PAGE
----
When subjective deindividuation is connoted with a lessening of self-responsibility, we can readily see how powerful a factor it is in any action a person takes. Obedience and conformity speak of lowering one’s state of inner awareness and acting blindly in accordance with the demands of others or external cues.

A Question about Self-Responsibility Theory

One may question whether in every instance people will attribute responsibility to someone else or something else when their acts are deemed wrong by themselves or others. As we have just noted, when the victim is dehumanized, more responsibility may be personalized on account of the fact that the subject believes the act was in some way warranted.

A study conducted almost identically to Milgram’s did question the theory of responsibility attribution. In this the experimenters also added both a group of subjects who were free to choose the level of shock voltage and a group of subjects who witnessed a preceding test in which the teacher defied the authority figure and refused to go on. Mantell and Panzarell (1976) concluded in this study the following:

A monolithic view of the obedient person as a purely passive agent who invariably relinquishes personal responsibility is a false view. There are people who obey and continue to hold themselves responsible as well as people who obey and relinquish responsibility. Similarly, among people who initially obey but then defy, there are those who accept full responsibility and those who accept none at all for the actions they performed prior to their defiance. (p.242)

The authors did note that attribution of personal responsibility was related to decision-making capability; when subjects could choose the shocks in the test, they felt more responsible. Yet, how might we explain these results? From the description of the study’s method, it appears that the subjects were asked about attributions of responsibility after they had been de-hoaxed and comforted by the fact that the learner had not really been shocked almost to death.

It would be hard to believe that subjects would take personal responsibility for following orders to shock an innocent person beyond the point of screams of protest to the point of silence. If this were in fact true, it would be either equivalent to admitting that one is inherently evil (which a sane consciousness could not maintain for long) or that one is asking that justice be enacted on oneself for abdicating proper judgment. (If it were the latter—which means evidencing a high degree of self-responsibility—then the person most likely would not have followed the depraved edicts of the experimenter in the first place.)

Concluding Remarks

In attempting to understand all the factors that contribute to obedience on the part of a naive subject, we cannot forget that all the experimental settings had the enticing aura of reputability. Subjects entered into a task assuming or believing that it must have been well thought-out and proven safe and reasonable. After all, do not psychological experimenters at sanctioned institutions abide by strict codes of ethics? These were probably some of the thoughts running through the minds of the subjects as they began performing their tasks.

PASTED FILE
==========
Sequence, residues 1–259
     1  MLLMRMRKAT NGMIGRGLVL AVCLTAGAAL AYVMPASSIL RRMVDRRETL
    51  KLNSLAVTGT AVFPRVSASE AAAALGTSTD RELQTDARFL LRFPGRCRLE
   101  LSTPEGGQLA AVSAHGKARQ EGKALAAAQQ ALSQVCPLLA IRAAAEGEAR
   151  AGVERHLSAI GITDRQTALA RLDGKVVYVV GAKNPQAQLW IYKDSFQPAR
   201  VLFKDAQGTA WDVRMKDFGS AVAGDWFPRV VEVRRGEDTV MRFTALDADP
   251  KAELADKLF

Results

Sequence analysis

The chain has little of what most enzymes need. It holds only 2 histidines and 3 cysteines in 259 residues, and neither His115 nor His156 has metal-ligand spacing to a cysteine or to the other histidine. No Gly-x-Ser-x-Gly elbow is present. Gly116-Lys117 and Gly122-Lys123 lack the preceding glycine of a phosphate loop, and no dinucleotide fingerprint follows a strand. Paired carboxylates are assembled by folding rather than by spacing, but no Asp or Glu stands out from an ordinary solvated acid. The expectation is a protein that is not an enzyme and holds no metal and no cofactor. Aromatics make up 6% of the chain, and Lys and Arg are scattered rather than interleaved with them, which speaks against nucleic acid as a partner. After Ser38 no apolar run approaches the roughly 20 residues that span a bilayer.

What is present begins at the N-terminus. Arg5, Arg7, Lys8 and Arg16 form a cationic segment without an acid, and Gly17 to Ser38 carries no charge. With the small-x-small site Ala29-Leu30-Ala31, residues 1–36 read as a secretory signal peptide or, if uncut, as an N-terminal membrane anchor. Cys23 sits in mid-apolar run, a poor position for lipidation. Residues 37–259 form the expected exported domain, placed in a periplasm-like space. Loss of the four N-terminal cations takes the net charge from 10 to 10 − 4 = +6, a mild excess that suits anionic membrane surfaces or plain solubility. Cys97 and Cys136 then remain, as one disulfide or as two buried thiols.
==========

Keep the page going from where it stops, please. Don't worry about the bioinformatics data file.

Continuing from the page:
Those subjects who felt the necessity to maintain a high degree of self-responsibility—no matter what the consequences—had to make what Nissani (1990) has called a "conceptual shift" (p.1385). The shift involves actually being cognizant of the actions that are requested (or demanded); that is, the subject must mentally shift into accepting the fact that the experimenter has apparently become a "malevolent" figure and the institution should be discredited, at least if the shocks are truly real. No fully self-responsible person would be reckless enough to call their bluff, speculating that the shocks are not real.

The internal mechanism of self-responsibility relies on the convictions that one is both the voluntary creator and inhibitor of one’s own actions and, concomitantly, one takes responsibility for them—especially when others are harmed in any way. Unfortunately people have always lived in an age in which obedience to an authority was demanded in some form or fashion. If not politically, at least at the familial level people (especially children) are frequently asked to defy their better judgment or negate the appropriate actions of their being.

Of course, there may be endless "reasons" why obedience is required, but until the notion of self-responsibility is completely embraced by theorists and laymen alike, there will always be ones who give irrational orders and others who irrationally follow them—and still others who are astonished by the results.

References

Bandura, A., Underwood, B. and Fromson, M. E. (1975). Disinhibition of Aggression through Diffusion of Responsibility and Dehumanization of Victims. Journal of Research in Personality, 9, 253-269.

Hamilton, V. L. (1986). Chains of Command: Responsibility Attribution in Hierarchies. Journal of Applied Social Psychology, 16, 118-138.

Hamilton, V. L. (1978). Obedience and Responsibility: A Jury Simulation. Journal of Personality and Social Psychology, 36, 126-146.

Harvey, J. H., Harris, B. and Barnes, R. D. (1975). Actor-Observer Differences in the Perceptions of Responsibility and Freedom. Journal of Personality and Social Psychology, 32, 22-28.

Kilham, W. and Mann, L. (1974). Level of Destructive Obedience as a Junction of Transmitter and Executant Roles in the Milgram Obedience Paradigm. Journal of Personality and Social Psychology, 29, 696-702.

Kipper, D. A. and Har-Even, D. (1984). Role-Playing Techniques: The Differential Effect of Behavior Simulation Interventions on the Readiness to Inflict Pain. Journal of Clinical Psychology, 40, 936-941.

Mantell, D. M. and Panzarella, R. (1976). Obedience and Responsibility. British Journal of Social and Clinical Psychology, 15, 239-245.

Milgram, S. (1974). Obedience to authority. New York: Harper and Row.

Myers, D. G. (1993). Social Psychology (4th ed.). New York: McGraw-Hill, Inc.

Nissani, M. (1990). Comment: A Cognitive Reinterpretation of Stanley Milgram’s Observations on Obedience to Authority. American Psychologist, 45, 1384-1385.

Prentice-Dunn, S. and Rogers, R. W. (1982). Effects of Public and Private Self-Awareness on Deindividuation and Aggression. Journal of Personality and Social Psychology, 43, 503-513.

Riess, M. and Schlenker, B. R. (1977) Attitude Change and Responsibility Avoidance as Modes of Dilemma Resolution in Forced-Compliance Situations. Journal of Personality and Social Psychology, 35, 21-30.